They are found in southeastern Canada and the eastern U.S. south to Florida and west to the Great Lakes.
They live near streams, lakes, ponds, and marshes, always close to water near forests. When startled, it takes to water. Unlike water snakes, which dive, ribbon snakes glide swiftly across the water's surface.
They are thin snakes and about 1.5 – 3 feet long, ending in a long tin tail that can be 1/3 of its length. The have 3 light stripes on their dark body. Each side stripe has a brown stripe below it. They have a light patch in the front of each eye.
When they are scared, they slide into the water and swim away. In the winter, they sleep (hibernate) underground.
They stalk and eat frogs and salamanders and sometimes insects, spiders, small mammals, tadpoles, and fish.
They are eaten by hawks and herons.
Females have 3-26 live young.
Species: T. sauritus
When you research information you must cite the reference. Citing for websites is different from citing from books, magazines and periodicals. The style of citing shown here is from the MLA Style Citations (Modern Language Association).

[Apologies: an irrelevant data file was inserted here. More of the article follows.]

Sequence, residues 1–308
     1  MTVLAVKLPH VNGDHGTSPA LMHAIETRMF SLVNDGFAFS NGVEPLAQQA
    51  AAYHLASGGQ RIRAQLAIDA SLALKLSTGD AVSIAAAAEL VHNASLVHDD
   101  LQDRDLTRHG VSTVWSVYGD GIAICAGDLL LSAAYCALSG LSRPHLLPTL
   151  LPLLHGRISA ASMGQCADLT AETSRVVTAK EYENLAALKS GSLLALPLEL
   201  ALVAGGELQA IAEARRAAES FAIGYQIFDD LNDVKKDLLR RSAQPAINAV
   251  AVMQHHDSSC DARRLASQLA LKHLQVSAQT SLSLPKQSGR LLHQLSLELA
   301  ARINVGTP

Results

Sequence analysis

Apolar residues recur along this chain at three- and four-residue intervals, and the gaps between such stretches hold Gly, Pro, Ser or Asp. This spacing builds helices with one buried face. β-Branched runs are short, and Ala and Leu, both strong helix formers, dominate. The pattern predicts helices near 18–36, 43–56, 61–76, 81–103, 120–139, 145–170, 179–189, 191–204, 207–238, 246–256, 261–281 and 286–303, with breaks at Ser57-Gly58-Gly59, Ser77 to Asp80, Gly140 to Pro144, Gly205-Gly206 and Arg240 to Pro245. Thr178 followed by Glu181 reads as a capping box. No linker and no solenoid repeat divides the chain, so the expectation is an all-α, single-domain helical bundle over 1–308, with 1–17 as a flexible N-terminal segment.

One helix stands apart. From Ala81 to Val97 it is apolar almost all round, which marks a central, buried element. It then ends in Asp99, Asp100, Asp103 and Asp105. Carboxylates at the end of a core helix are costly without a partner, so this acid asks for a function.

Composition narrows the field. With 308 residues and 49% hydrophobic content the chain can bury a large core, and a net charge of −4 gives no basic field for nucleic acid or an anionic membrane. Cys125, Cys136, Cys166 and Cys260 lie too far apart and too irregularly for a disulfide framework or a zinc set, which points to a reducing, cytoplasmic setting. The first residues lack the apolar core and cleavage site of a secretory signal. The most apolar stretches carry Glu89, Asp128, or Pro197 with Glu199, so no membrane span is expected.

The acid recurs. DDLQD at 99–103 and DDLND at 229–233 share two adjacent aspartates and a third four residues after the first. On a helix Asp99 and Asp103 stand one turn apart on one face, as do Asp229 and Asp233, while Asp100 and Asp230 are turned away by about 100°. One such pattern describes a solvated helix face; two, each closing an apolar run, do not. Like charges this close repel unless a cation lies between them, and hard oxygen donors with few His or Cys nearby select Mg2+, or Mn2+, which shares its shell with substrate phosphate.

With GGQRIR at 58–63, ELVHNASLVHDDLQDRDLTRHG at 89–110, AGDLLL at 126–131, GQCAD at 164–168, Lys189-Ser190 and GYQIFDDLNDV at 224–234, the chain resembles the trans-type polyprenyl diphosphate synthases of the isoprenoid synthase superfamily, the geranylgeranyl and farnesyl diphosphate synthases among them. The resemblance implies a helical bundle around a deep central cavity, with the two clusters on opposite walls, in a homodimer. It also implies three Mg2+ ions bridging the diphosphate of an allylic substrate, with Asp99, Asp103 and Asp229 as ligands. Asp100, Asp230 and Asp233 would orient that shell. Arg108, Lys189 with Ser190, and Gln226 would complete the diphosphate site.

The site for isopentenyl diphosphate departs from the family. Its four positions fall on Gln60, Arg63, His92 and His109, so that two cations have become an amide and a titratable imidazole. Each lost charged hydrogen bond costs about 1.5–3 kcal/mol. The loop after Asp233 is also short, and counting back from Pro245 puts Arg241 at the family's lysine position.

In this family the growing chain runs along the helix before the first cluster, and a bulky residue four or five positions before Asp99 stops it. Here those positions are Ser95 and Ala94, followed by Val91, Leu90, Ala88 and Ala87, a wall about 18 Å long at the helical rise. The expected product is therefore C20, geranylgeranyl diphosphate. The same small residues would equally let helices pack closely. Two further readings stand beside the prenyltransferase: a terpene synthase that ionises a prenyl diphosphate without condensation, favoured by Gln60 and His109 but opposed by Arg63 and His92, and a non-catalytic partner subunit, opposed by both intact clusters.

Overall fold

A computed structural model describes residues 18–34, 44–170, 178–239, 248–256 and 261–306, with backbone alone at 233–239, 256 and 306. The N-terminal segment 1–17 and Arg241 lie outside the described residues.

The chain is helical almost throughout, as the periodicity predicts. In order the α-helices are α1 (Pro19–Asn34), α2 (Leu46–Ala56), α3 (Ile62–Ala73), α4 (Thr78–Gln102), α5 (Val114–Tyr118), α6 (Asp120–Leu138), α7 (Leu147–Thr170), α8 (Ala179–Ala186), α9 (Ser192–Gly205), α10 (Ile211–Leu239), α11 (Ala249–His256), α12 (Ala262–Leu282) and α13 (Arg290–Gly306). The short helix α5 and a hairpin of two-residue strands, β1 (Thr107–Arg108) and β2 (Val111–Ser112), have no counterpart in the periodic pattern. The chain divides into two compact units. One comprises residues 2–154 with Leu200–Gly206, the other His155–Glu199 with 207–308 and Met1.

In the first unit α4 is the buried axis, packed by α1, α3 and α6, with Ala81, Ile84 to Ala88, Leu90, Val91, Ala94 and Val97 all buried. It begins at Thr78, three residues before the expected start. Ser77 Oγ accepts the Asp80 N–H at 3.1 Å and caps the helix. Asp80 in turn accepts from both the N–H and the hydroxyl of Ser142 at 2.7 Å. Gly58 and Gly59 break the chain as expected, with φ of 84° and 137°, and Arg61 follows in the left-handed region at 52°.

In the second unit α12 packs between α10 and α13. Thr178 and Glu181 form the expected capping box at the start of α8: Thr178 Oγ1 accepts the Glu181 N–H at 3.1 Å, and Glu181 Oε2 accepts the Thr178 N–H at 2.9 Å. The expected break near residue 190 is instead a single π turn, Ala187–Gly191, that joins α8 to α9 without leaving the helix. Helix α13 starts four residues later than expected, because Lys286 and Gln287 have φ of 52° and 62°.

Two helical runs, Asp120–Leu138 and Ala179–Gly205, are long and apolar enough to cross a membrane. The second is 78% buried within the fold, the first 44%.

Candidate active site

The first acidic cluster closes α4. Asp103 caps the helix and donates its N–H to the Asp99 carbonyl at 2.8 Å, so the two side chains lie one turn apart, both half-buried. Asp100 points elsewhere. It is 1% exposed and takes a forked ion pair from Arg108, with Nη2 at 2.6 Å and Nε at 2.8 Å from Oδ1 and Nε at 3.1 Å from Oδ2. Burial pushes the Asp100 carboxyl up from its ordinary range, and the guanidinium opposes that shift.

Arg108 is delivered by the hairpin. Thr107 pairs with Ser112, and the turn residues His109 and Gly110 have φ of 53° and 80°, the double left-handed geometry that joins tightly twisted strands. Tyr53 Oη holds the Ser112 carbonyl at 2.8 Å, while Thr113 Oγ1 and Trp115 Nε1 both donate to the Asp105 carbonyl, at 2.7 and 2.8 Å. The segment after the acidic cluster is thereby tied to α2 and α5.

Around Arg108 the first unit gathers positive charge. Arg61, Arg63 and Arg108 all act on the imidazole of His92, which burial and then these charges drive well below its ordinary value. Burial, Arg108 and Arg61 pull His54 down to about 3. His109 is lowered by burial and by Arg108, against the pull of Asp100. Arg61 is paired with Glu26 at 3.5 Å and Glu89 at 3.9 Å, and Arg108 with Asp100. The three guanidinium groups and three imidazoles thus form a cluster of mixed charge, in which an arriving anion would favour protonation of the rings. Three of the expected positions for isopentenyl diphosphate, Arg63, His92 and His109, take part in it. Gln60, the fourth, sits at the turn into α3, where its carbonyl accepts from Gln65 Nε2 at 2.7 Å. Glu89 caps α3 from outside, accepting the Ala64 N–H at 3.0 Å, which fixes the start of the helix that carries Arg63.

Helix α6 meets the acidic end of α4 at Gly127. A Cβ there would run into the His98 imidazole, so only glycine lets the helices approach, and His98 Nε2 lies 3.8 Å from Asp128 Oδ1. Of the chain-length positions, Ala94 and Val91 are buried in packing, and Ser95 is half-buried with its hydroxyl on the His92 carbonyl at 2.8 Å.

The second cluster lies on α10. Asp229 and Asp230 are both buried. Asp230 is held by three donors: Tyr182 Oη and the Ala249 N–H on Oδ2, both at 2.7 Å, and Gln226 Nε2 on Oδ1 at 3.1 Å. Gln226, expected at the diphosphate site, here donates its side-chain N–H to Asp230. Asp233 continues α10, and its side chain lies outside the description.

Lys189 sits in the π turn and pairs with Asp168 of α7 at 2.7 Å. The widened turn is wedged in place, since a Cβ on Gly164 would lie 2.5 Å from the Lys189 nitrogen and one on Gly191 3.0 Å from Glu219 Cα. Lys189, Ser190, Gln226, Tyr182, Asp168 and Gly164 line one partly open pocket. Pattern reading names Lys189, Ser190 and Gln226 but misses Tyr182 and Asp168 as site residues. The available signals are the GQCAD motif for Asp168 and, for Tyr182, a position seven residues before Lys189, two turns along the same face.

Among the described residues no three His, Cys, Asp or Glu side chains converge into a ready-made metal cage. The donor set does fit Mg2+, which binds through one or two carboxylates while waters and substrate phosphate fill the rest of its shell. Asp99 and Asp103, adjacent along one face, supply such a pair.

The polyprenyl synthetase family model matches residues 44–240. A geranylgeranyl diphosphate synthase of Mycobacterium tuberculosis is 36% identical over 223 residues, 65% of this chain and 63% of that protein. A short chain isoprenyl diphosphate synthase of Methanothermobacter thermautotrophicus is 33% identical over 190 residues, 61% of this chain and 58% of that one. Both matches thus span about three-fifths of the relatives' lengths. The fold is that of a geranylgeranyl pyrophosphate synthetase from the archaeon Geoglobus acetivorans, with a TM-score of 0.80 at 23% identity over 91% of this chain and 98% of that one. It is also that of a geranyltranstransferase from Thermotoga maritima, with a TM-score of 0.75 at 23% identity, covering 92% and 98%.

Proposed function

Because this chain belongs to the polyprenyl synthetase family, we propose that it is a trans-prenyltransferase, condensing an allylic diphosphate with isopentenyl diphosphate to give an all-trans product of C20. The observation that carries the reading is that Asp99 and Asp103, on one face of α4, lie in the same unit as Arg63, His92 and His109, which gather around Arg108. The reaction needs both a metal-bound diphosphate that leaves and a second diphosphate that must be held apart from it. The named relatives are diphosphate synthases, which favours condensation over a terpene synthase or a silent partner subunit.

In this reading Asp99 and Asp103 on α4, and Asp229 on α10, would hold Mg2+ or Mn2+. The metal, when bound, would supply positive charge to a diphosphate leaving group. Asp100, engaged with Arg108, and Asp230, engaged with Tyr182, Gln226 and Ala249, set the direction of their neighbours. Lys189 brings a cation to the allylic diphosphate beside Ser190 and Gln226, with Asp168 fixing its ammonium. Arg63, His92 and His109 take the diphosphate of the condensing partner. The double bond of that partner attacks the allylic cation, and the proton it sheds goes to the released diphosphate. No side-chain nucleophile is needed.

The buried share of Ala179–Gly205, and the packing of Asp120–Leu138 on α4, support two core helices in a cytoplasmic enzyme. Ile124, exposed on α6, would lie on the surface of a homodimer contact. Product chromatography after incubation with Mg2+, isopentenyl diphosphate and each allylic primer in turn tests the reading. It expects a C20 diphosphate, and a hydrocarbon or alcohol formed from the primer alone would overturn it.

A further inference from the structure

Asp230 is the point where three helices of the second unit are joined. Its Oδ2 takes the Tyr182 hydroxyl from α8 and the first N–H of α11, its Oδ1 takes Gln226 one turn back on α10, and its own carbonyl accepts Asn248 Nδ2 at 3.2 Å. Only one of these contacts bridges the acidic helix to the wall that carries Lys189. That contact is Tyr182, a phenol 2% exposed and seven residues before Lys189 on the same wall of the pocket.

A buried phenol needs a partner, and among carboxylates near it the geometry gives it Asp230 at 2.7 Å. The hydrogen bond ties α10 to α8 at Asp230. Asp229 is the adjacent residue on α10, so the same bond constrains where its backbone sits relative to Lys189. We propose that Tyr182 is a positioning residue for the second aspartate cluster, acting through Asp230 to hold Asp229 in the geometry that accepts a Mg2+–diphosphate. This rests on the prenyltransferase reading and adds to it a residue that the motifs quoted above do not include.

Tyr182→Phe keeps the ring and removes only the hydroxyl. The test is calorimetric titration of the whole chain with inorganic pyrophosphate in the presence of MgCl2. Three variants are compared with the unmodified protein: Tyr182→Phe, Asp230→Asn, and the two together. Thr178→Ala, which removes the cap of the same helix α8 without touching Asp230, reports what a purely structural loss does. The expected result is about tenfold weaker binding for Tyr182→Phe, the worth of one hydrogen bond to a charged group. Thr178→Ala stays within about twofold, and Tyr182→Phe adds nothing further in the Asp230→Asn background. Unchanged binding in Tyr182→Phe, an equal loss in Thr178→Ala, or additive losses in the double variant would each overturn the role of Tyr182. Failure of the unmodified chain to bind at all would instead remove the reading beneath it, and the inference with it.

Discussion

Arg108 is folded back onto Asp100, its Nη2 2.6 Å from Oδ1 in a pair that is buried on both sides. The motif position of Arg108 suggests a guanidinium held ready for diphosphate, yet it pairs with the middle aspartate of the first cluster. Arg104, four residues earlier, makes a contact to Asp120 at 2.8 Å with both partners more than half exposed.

When citing a WEBSITE the general format is as follows.
Author Last Name, First Name(s). "Title: Subtitle of Part of Web Page, if appropriate." Title: Subtitle: Section of Page if appropriate. Sponsoring/Publishing Agency, If Given. Additional significant descriptive information. Date of Electronic Publication or other Date, such as Last Updated. Day Month Year of access < URL >.
Amsel, Sheri. "Snake (Eastern Ribbon)" Exploring Nature Educational Resource ©2005-2020. April 3, 2020
< http://www.exploringnature.org/db/view/517 >